Bangladesh government on Monday sought death penalty for rightwing Jamaat-e-Islami's 91-year-old supremo Ghulam Azam as it challenged in the Supreme Court a 90-year jail term handed down to him by a special tribunal for war crimes.
"We have sought the capital punishment for him (Azam) in our appeal prayers with the Appellate Division (of the Supreme Court)," chief coordinator of prosecution lawyers M K Rahman told newsmen.
He said the state side also simultaneously sought ban on the politics of Jamaat-e-Islami, the party which Azam headed as the chief of its then East Pakistan wing, as it was opposed to Bangladesh's independence.
The government appeal came a week after Azam appealed against the jail term and nearly a month after the country's International Crimes Tribunal sentenced him to 90 years in jail.
The tribunal judgment at that time, however, said Azam deserved the death penalty for the crimes he had committed siding with the Pakistani junta but his old age and physical condition forced the three-member panel to deliver the 90 years of jail term.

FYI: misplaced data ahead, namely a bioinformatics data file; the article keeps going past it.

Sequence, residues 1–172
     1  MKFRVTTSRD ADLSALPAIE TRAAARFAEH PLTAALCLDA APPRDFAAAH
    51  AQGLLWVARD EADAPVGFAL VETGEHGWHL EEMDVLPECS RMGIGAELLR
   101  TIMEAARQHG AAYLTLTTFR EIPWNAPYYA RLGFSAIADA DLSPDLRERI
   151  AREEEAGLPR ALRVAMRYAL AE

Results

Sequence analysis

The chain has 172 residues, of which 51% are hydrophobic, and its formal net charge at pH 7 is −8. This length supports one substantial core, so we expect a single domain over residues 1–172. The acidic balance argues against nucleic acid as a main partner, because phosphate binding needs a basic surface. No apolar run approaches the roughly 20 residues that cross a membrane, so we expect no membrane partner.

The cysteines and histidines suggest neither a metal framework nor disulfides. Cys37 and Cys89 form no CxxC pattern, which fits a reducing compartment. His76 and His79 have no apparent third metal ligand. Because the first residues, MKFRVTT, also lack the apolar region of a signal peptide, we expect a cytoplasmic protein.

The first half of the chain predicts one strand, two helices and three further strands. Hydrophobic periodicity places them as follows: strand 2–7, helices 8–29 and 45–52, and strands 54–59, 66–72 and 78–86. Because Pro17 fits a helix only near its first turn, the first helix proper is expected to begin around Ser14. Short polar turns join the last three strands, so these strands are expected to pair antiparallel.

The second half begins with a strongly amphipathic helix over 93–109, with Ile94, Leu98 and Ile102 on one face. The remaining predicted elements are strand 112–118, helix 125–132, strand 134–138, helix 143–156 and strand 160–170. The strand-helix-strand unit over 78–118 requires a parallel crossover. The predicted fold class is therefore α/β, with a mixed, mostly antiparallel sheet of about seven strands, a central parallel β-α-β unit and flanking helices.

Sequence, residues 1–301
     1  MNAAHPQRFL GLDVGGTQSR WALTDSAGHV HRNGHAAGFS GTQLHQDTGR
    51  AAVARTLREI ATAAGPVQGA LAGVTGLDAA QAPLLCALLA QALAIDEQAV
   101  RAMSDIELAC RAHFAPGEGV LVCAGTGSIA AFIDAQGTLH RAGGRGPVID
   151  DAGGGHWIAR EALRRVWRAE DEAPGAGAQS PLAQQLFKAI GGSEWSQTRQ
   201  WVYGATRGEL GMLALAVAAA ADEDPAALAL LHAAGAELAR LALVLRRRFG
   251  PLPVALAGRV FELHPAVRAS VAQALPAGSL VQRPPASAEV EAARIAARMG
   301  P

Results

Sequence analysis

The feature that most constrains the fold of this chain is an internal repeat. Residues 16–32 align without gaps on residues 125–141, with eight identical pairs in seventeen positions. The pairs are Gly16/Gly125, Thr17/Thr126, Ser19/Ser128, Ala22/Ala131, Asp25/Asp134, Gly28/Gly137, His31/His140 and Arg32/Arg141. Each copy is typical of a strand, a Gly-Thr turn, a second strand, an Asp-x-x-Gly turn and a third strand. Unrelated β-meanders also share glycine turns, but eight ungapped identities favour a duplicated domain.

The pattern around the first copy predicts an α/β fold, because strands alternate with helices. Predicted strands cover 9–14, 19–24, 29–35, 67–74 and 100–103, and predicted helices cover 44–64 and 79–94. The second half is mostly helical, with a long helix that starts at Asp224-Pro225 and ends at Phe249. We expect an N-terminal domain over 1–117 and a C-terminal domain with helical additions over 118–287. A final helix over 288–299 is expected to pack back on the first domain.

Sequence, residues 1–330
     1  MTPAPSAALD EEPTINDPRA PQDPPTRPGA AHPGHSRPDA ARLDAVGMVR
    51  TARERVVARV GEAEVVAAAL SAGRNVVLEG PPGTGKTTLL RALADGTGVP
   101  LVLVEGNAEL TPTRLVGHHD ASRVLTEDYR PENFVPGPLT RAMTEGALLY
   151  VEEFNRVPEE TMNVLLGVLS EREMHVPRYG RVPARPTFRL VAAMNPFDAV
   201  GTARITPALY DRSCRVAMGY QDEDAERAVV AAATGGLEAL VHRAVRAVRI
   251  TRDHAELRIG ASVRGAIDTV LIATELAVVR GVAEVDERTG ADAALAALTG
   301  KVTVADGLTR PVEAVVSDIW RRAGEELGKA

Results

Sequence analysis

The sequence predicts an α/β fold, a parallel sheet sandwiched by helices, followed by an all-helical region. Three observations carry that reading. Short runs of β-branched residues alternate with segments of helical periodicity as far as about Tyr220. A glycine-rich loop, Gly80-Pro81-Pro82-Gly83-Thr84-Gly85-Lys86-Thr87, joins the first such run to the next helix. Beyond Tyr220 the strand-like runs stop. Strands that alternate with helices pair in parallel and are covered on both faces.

Azam, who has left deep emotional scars in the collective national psyche by engineering war-time atrocities in 1971, was found guilty of all five categories of crime - conspiracy, planning, incitement, complicity and murder. He had been charged with 61 counts of crimes in all five categories.
As many as three million people were killed, more than 200,000 women raped and an estimated 10 million people fled to India during the nine months of liberation war.
The aged but still strong Azam, currently treated as Jamaat's top philosopher and guide, was the Ameer or top leader of the party until 2000.
The high court last month ordered Jamaat be stripped off its registration with the Election Commission under a separate legal process to debar it from contesting elections, a judgment which, however, did not banned it as a political party.